Afterward

The Joseph play came to life last week at Countryside Christian School. It really did. And now, the performances are over, the stage has been taken down, the beards have been smeared away for the last time, the floor has been mopped, and the discussions have died down… but I’m still thinking about it and feeling like tears are going to come sometime because of how beautiful this experience was.

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I loved seeing students shine in different ways than they normally do.

Some of them shone alone in the spotlight, with vulnerability and fierceness that sent chills upon chills all over me. Sharing pieces of their character, and pieces of themselves. Beautiful. Thank you.

Some of them shone on the stage with their smiles and nudges and gestures and nods and constant engagement- all small things that together, created a powerful effect. Beautiful. (And so delightful!) Thank you.

Some of them shone in the shadows, wearing black and no shoes- trying to be as invisible as possible, more and more invisible each performance. Beautiful. Thank you.

Some students had their fingerprints all over the play- the backdrops, the stage, the props, the costumes, Joseph’s dreams, the mics, the bulletin, the lights, managing the tickets. Oh my, folks. It could not have been done any better. You aced it. Beautiful. Thank you.

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The students weren’t the only ones who shone. Let’s just say that I work with some amazing teachers who never showed up on stage. These teachers were patient, creative, hard-working, and brave leaders. Perhaps one of the most powerful things about these teachers is that they set an example of being willing to work hard, to try new things, and to learn. Beautiful.

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Calvin Martin also belongs in this picture.

I loved working with Meghan on this project for a second time. I loved the discussions and planning and imagining and growing and the sitting and typing and typing.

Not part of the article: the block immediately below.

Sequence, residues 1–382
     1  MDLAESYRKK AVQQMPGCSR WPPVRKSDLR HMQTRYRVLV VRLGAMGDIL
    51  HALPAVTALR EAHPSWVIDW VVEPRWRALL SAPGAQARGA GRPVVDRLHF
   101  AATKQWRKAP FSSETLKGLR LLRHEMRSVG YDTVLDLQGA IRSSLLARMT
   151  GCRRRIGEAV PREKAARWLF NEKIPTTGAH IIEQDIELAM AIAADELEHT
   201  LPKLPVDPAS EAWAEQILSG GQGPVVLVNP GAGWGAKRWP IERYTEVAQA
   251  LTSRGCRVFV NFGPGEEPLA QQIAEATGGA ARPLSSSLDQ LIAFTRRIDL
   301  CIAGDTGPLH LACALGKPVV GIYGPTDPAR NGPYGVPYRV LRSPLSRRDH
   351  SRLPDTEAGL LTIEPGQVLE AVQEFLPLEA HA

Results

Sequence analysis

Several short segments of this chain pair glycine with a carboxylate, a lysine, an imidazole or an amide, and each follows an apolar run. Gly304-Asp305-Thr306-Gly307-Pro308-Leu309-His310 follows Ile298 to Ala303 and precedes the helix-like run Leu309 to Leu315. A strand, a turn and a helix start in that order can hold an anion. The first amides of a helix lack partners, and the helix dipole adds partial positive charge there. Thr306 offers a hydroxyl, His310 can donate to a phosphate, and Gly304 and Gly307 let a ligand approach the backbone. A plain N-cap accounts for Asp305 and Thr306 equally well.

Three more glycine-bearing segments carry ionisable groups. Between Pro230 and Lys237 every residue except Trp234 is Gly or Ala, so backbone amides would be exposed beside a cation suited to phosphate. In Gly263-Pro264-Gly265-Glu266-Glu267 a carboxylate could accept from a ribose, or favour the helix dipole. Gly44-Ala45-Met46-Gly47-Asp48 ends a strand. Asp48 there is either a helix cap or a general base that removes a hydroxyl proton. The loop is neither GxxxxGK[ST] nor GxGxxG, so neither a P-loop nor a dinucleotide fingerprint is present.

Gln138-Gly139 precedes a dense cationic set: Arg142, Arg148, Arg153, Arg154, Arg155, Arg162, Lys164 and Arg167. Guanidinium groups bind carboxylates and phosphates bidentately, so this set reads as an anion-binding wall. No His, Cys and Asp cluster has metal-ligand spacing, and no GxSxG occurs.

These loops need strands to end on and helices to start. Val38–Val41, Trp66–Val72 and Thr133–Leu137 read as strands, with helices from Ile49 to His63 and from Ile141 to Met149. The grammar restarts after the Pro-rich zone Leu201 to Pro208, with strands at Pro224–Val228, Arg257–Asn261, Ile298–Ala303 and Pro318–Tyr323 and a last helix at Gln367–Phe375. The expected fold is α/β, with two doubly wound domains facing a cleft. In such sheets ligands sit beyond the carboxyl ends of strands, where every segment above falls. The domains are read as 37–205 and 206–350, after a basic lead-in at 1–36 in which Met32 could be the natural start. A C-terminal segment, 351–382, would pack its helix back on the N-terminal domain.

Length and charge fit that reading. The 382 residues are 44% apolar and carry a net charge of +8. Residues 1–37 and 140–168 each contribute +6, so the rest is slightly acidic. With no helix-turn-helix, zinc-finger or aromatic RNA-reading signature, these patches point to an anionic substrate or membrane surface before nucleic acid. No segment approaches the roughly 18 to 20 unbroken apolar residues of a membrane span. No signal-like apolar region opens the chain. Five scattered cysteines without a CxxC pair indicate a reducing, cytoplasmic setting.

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Please excuse our cheesiness. (And shiny-ness.)

I loved seeing Ricky visualize the story, thoughtfully plan how it would all play out on the stage, and add details that brought it to life. I loved seeing him interact with the students.

Last summer I wrote a post about what it is like to write a play. (You should probably read it in order for the following snippet from it to make sense: An Enlightening Exploration of Play-Writing) I ended it with these words:

“Someone walks past and stops to look at your ball of snow.

They reach out and touch it.

They start to roll their own ball of snow.

You think,

This is why I did it.”

I pray that this whole play experience set something in motion for each person involved. I pray that we all would remember the things that we learned, and that what we learned is a strong foundation for more learning and serving and reaching out. I pray that we would pay attention to the aspects of this that made our souls feel alive.

I pray that we would remember that a big thing is made of a thousand small things.

And most of all, I pray that we would remember that each of us can be a living story of redemption.

Amen.

2 thoughts on “Afterward

  1. This is beautiful and well-written and moving. You said it all so well. Somehow you encapsulated the feelings that are so hard to put into words. Thank you. 🙂

  2. I really enjoyed the play and I loved how the school worked together to make it wonderful. The truth of this bible story really speaks to me in a fresh way. Thanks to everyone for the hard work that made this possible. It really was a gift.

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